Peggy Kreinest will never be the same since her 2009 multi-trauma car accident. And that’s ok with her.
“I like my life better now than before the accident,” she said. “I drive, I live by myself, I eat food, I talk. I have a lot of new friends; some of the old ones I don’t see as much. I think it’s because a lot of them were lawyers and that’s all we had to talk about.”
Kreinest’s law career was cut short on June 14, 2009, during a drive with her sister from Tybee Island to her home in Savannah. The driver of an oncoming car apparently suffered a seizure, flipped his vehicle, and landed on Kreinest’s car. She and her sister were taken to Memorial University Medical Center (MUMC); the other driver and his two passengers were killed.
Kreinest’s sister, Sally, was released from the hospital with no injuries. Kreinest, however, had suffered a severe brain injury. She spent five weeks at MUMC, then upon her release, she recuperated at Sally’s house for a month and a half.
“I remember staying with her, but I don’t remember what I did there,” she said.
Kreinest’s particular brain injury affected her ability to retain short-term memories. Most of her long-term memory is still intact, although she struggles to recall names and streets that she has known for years.
“My memory loss affects how I understand things,” she said. “I have to read something two or three times to understand what I’m reading. That’s why I’m not practicing law anymore.”
It was a bitter pill for her to swallow. Relaying the news to the other attorneys at her firm, Weiner, Shearouse, Weitz, Greenburg, & Shawe in Savannah, was tough. She had only been a practicing attorney for seven years and, at 46, her career was over.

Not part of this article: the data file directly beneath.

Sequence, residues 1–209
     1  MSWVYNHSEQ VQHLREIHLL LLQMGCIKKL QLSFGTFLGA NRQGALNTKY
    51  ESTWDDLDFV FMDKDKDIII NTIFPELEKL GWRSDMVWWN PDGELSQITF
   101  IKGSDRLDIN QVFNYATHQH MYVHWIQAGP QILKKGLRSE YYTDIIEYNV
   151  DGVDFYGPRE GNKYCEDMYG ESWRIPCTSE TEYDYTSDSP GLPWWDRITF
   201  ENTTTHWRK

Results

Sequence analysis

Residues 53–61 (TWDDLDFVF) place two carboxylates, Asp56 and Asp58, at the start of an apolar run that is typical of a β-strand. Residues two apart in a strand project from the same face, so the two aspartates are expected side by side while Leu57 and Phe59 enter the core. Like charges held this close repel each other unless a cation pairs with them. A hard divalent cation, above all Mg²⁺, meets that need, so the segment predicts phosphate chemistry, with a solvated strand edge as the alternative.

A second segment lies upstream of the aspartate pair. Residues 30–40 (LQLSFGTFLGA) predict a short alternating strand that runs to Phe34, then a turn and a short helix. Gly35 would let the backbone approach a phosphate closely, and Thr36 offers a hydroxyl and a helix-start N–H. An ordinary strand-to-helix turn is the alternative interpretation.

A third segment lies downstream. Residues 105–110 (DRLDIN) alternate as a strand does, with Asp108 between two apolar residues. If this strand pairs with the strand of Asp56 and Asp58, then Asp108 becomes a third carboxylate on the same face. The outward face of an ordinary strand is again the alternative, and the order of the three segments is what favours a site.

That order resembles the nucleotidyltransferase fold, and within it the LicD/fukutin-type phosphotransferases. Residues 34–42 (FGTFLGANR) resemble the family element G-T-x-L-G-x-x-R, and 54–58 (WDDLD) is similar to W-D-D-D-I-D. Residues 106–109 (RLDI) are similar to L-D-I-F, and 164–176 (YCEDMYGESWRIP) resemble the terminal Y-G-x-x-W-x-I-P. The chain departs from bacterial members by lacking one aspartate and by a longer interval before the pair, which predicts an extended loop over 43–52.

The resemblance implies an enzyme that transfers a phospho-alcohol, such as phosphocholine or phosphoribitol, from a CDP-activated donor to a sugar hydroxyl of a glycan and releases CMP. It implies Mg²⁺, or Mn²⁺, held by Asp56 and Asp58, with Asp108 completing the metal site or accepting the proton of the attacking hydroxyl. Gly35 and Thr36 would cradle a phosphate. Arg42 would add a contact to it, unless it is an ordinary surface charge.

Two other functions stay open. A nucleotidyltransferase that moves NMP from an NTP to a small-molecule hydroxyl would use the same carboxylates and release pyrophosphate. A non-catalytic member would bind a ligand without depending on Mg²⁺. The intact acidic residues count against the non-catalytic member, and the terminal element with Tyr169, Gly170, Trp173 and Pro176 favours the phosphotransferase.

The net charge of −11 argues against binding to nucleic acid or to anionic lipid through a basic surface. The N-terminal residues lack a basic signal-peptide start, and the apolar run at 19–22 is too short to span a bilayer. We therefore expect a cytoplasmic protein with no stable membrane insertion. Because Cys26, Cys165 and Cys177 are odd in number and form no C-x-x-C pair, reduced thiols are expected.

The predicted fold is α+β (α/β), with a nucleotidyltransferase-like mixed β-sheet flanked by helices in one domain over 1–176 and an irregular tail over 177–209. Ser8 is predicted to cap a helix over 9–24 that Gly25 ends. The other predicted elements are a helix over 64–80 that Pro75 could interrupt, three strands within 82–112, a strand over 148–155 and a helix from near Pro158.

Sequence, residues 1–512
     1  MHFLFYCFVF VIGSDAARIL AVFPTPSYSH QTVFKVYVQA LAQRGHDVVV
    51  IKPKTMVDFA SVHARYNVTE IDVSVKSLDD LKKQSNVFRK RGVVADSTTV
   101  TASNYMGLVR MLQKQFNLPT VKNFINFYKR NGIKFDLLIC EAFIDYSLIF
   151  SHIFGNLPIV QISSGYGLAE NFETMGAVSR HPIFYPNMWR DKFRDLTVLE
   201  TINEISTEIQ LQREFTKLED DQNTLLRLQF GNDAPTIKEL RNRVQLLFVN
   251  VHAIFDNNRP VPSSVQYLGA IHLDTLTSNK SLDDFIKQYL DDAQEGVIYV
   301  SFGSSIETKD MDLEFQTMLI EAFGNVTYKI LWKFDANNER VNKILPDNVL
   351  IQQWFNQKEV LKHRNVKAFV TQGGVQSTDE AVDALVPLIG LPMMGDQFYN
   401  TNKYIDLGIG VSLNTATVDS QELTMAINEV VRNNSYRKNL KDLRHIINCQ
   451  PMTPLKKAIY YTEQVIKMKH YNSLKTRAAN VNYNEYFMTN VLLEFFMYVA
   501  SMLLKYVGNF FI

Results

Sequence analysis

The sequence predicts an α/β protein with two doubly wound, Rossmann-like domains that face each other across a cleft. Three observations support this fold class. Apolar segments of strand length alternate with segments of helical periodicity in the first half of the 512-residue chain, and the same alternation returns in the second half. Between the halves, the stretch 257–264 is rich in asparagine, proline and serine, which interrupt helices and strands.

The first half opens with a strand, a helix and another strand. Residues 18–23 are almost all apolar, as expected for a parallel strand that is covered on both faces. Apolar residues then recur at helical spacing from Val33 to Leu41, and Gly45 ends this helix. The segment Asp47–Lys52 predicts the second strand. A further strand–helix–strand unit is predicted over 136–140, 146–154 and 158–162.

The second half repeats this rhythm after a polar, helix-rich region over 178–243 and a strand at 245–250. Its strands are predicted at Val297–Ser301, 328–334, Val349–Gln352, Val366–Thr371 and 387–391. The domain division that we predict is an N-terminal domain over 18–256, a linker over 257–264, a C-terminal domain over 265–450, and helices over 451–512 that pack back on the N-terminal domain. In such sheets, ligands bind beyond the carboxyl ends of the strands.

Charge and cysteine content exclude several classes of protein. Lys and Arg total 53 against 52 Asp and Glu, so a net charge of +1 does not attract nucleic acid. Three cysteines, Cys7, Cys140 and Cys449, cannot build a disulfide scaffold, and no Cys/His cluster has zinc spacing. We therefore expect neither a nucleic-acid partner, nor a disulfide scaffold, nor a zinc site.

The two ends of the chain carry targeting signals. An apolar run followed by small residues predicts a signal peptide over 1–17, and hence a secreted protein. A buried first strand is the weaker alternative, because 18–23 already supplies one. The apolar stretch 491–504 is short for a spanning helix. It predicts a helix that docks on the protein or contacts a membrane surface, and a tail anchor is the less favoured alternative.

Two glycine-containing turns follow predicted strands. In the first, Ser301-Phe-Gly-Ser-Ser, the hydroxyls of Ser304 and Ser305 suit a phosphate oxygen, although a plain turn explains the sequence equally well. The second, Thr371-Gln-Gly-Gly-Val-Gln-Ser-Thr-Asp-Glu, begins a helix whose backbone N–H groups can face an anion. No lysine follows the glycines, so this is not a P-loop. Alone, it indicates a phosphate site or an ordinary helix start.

Following her accident, Kreinest went through six months of outpatient speech and physical therapy at The Rehabilitation Institute of MUMC. Therapy was intense – two to three times a week – eventually tapering off to once a week until the end of 2009.
Now Kreinest’s life has settled into a new “normal,” for which she is very grateful. Her family, including three sisters, is no longer trying to “baby” her. “Now they’re more natural and normal,” she said.
She spends her days working on her house, doing a little landscaping, and walking her new puppy. She volunteers at the Ronald McDonald House, a haven for families with critically ill children who are being treated at MUMC.
Now she has added another volunteer job to her resume. “Jennifer [Jolley] has me coming back in here [at The Rehabilitation Institute] to volunteer,” Kreinest said.
She figures she has a lot to share with others who are facing challenges similar to hers. “I tell patients it does get better,” she said. “Your mind improves. Your mental acceptance improves, and then you can move forward. Your old self is gone, but you can improve.”
That tragic day in 2009 was the impetus for many changes in her life – not all of them bad, she points out.
“The accident opened my door of understanding and enjoying people better,” she said. “I thought I had it all under control and I could just dismiss people. Now I’m more friendly with people. I do what I can for them.”